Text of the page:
Do, deliver, reassess, repeat (perhaps with a touch of planning).
Of all the possible benefits, this is the one that is truly unique to the act of doing. As mentioned earlier, planning is based off previous knowledge and assumptions, therefore roles and responsibilities must be designated off the same factors. Although this works well for similar projects, how do you understand who is the best fit for each role, if the project is unlike anything else you have done previously? The answer, unsurprisingly, is to do. Piloting or dummy runs of your project can help you better understand who the best fit for each role in that particular project truly is. Who you have first identified as your suspected best fit may not have the nuance knowledge, skill or personality to deliver the value and success your new project could achieve. As a New Zealander, my analogies are naturally going to relate to the All Blacks rugby team; To remain the best year on year, trials are held to determine who is best fit for each role. If all the selectors did was look at previous matches and select the same players, for the same roles, then current players would not be able to display their abilities in different positions. This would result in the team never being able to excel past their current state. Trialling not only allows current players to display their abilities in different positions, it also gives the opportunity for newcomers to showcase a new way of playing.
The above analogy highlights another benefit not often exploited, which is the ability for people to display their skills who otherwise would not have had the opportunity. Taking yourself as an example, how many skills do you have from previous roles, life experiences or personal interests that your colleagues don’t know about? These skills may never be discovered during the planning phase of a project because they may not have been identified as being necessary or the opportunity to display them is missed. Keep an open mind during the delivery of the project and set it in a way that involves a spectrum of people in your organisation. Provide initial members of the project the ability to showcase their skills across the board and then utilise them where appropriate. A well-used example of this is when after the launch of a new business initiative, champions are identified due to their engagement and enthusiasm with the initiative. Their skills are then used to support others throughout the business. Most people can relate to this example in one way or another and therefore the question is… why wouldn’t you bring this process into the project earlier?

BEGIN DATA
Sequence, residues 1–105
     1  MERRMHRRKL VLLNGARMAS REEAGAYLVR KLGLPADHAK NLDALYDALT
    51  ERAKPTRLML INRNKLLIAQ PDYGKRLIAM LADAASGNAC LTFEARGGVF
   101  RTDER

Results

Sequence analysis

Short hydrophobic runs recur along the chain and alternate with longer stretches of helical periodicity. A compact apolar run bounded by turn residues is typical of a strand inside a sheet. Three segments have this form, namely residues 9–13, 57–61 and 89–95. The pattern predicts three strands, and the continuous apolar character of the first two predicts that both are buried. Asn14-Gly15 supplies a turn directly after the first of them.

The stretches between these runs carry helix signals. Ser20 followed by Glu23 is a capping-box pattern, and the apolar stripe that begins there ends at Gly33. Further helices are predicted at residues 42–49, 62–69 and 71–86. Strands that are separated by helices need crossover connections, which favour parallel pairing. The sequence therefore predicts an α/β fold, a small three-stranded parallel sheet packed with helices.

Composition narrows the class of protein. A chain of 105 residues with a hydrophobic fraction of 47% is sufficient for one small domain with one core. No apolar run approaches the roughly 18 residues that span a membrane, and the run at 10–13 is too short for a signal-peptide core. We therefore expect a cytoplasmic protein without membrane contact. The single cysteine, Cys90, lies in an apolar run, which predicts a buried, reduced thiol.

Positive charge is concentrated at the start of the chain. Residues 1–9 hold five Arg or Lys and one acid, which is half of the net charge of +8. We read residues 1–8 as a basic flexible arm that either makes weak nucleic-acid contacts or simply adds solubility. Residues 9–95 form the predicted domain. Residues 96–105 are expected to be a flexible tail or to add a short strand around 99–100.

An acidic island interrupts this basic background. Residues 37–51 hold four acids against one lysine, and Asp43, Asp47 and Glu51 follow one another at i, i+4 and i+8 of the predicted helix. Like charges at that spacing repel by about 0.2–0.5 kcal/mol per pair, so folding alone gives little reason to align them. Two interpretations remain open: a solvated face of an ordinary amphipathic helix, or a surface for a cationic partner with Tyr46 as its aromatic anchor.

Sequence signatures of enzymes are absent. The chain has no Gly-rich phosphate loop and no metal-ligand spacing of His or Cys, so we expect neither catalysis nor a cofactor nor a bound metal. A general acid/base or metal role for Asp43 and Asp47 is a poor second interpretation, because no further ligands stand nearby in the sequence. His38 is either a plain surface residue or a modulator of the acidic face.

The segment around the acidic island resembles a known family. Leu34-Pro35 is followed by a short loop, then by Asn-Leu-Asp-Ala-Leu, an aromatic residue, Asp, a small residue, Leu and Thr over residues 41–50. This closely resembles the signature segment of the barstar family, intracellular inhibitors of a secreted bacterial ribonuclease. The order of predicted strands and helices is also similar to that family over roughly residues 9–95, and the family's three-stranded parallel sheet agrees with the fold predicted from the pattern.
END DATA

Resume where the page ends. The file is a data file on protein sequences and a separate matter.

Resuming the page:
Although there will always be a need for planning, organisations too often tend to think that having a ‘solid plan’ is how they will ensure success. The idea of doing rather than planning, is not to avoid failure, it’s to accelerate failure and gather real data for which you can feedback into your project. Getting caught up in planning may ensure that you don’t ‘fail’ as much, but it will most certainly ensure that you don’t succeed as much.